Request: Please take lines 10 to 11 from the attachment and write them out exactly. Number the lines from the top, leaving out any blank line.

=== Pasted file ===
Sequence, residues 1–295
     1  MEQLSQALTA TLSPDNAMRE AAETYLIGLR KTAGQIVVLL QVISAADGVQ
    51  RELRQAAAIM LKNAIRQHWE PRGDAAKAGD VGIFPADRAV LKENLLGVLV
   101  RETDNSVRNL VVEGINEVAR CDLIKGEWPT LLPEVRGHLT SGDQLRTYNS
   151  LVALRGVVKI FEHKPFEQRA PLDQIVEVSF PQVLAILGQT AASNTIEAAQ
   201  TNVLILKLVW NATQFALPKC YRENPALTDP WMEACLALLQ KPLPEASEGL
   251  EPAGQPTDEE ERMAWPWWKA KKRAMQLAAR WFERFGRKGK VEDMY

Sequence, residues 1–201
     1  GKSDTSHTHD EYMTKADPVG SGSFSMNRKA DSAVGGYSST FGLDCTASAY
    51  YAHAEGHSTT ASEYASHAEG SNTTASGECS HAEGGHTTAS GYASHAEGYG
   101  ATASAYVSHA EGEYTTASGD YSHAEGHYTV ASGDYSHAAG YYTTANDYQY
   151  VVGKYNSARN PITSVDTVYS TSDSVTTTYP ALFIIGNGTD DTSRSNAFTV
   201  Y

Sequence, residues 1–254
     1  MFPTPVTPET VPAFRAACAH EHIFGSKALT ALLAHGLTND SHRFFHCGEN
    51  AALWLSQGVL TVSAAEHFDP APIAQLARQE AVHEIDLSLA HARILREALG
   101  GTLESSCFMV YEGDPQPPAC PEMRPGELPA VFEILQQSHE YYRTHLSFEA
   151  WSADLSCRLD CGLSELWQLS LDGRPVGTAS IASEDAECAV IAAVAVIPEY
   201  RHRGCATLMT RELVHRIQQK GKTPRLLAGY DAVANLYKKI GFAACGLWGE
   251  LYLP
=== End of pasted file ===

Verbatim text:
    51  YAHAEGHSTT ASEYASHAEG SNTTASGECS HAEGGHTTAS GYASHAEGYG
   101  ATASAYVSHA EGEYTTASGD YSHAEGHYTV ASGDYSHAAG YYTTANDYQY